Save Her

Written by Jason Bonet ⎮ Narrated by Kim Bretton

Author: Jason Bonet
Narrator: Kim Bretton
Length: 12 hours 15 minutes
Publisher: Jason Bonet
Released: Apr. 30, 2019
Genre: Science Fiction

Available purchase options for this title (via affiliate links) are located below. Purchasing through them supports Audiobook Empire at no additional cost to yourself.

Synopsis

Natalie wakes bound to a chair. Fear envelopes her. Her captors must know she’s pregnant. Pregnant with Drayden’s baby. Pregnant with offspring that might have some of Drayden’s awesome nanotech powers. She has to escape. Drayden has to find her. They have to save their baby or the enemy will have all that they need to control everything and everyone.

This audiobook was provided by its author, Jason Bonet, in exchange for an honest and unbiased review. Thanks, Jason!

Grace's Review

3.5 Stars

Kudos to Kim Bretton on the last scene. It was dramatic, full of action, and explosive as Natalie and Drayden accomplished a worthwhile victory, together. She was a fierce mother, fighting for her baby, she knew what her enemy was capable of, yet took a stand, and fought her way to freedom. The narration was also fantastic for this portion of the book.

Jason Bonet’s narration of Drayden’s point of view was splendid. He had a pleasant voice and his narration was evocative, immersive and engaging. Drayden’s point of view sounded like it was written to be read as an audiobook. The tone used for Drayden reflected his age, determination, youth brashness and his laser focus on his goals.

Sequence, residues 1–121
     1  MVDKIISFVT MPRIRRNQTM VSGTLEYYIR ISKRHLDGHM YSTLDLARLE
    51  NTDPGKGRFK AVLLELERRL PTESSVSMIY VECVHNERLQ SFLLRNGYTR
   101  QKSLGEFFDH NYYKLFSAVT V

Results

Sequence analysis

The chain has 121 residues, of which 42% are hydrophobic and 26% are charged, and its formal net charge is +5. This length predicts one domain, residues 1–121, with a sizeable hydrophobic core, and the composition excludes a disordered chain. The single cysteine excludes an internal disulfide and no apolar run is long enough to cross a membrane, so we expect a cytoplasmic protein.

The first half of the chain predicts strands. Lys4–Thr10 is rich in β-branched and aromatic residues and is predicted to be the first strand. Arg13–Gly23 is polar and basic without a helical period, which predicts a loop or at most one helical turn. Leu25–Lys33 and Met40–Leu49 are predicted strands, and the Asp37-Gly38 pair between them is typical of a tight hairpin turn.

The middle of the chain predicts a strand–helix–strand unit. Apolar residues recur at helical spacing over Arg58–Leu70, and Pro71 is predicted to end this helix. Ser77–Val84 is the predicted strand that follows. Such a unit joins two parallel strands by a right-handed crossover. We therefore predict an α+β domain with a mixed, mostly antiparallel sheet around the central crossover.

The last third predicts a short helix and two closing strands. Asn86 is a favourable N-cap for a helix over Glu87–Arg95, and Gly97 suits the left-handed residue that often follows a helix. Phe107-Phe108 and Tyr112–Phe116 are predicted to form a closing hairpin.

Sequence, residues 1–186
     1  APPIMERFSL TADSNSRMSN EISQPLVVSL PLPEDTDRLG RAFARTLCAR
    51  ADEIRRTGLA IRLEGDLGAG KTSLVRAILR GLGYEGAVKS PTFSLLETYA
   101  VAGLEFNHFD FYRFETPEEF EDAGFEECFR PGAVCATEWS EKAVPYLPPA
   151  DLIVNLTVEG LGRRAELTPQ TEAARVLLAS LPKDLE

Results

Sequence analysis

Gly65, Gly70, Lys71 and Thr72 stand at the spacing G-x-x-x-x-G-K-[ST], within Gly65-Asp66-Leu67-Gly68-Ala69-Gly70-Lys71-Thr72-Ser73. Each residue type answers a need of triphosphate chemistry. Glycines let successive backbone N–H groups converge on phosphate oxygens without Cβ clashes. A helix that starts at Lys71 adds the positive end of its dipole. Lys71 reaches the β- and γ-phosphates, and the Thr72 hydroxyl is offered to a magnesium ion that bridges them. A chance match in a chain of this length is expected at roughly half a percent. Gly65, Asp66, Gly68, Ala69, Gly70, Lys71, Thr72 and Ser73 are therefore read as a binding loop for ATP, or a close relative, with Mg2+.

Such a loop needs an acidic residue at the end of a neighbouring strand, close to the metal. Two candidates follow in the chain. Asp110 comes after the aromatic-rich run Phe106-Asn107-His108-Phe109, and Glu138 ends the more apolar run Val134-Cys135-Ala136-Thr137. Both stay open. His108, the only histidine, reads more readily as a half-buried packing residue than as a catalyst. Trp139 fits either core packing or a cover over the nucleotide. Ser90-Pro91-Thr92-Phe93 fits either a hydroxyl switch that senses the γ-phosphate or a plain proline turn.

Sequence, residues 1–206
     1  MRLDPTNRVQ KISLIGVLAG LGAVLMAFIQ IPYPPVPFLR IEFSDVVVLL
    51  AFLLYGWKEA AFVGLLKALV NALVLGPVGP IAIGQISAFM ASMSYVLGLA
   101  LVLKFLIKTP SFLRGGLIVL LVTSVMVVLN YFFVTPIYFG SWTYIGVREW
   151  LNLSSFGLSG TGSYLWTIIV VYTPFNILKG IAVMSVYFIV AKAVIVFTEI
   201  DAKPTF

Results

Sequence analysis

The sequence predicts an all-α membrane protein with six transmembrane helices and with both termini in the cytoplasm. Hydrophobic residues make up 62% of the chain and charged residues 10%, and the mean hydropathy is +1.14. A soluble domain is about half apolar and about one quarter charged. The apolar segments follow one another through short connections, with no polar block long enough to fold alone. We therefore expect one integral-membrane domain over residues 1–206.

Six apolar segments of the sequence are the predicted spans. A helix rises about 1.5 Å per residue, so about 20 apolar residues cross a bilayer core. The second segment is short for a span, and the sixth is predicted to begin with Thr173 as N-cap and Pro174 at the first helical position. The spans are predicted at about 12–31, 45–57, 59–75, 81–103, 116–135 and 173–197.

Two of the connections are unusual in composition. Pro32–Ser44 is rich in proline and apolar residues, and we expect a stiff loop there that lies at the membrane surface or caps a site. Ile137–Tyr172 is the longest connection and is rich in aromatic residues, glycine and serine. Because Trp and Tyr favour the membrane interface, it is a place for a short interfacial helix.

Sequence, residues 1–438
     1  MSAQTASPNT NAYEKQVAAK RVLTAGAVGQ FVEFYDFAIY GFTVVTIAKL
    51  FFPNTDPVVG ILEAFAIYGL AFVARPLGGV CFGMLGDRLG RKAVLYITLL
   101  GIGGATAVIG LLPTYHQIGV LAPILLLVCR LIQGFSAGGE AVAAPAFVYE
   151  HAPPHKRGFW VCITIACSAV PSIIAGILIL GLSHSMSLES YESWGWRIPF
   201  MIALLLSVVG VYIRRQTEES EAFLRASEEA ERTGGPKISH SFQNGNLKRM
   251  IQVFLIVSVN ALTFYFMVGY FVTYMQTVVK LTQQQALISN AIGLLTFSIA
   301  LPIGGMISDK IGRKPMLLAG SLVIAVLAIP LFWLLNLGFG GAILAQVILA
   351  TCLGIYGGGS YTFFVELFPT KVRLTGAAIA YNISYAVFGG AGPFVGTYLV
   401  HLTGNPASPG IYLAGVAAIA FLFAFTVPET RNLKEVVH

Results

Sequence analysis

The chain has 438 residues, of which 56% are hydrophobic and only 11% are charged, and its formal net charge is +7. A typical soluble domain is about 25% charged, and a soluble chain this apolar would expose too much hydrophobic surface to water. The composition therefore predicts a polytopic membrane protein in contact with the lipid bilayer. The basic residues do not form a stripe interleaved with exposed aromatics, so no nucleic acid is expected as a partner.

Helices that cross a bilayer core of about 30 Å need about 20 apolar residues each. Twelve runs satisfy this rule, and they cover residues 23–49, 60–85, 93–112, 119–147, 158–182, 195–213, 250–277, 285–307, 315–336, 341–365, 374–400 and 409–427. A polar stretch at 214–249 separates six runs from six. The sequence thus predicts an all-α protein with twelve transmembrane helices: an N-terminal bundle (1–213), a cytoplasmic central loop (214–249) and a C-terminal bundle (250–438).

Natalie’s point of view felt like it was forced into the storyline and it was reflected in the narration. Her entire storyline was about telling Drayden’s story, getting pregnant, food cravings, and pumping milk afterwards; it was hard to connect with her character. If Natalie was not part of the story, the story feels like it could still live on without her.

Also, Natalie’s story was told in a third person perspective and it affected the feel of the performance. It sometimes sound awkward to have access to Natalie’s thoughts even though she was referenced in the third person. In addition, the friendly conversational tone Natalie had with her interrogator did not come across as realistic. She did not sound afraid, nervous, worried, or fearful for her life and her unborn child, as one would expect from a person in captivity. In one of the scenes, Natalie caught a glimpse of her best friend Liv captured through the two way interrogation mirror. The narration of her despair did not sound authentic enough to match Natalie’s emotional state. Natalie’s point-of-view’s performance was not as believable and less engaging.

More from Kim Bretton

Spread the word. Share this post!

Leave a comment

Your email address will not be published. Required fields are marked *